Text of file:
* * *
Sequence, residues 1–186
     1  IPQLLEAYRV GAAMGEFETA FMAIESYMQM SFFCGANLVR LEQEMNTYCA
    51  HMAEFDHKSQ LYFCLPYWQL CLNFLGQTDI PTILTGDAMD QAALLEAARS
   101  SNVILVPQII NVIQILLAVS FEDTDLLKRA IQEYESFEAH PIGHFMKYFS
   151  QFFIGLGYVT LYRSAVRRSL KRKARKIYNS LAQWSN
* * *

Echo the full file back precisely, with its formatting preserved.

Sequence, residues 1–186
     1  IPQLLEAYRV GAAMGEFETA FMAIESYMQM SFFCGANLVR LEQEMNTYCA
    51  HMAEFDHKSQ LYFCLPYWQL CLNFLGQTDI PTILTGDAMD QAALLEAARS
   101  SNVILVPQII NVIQILLAVS FEDTDLLKRA IQEYESFEAH PIGHFMKYFS
   151  QFFIGLGYVT LYRSAVRRSL KRKARKIYNS LAQWSN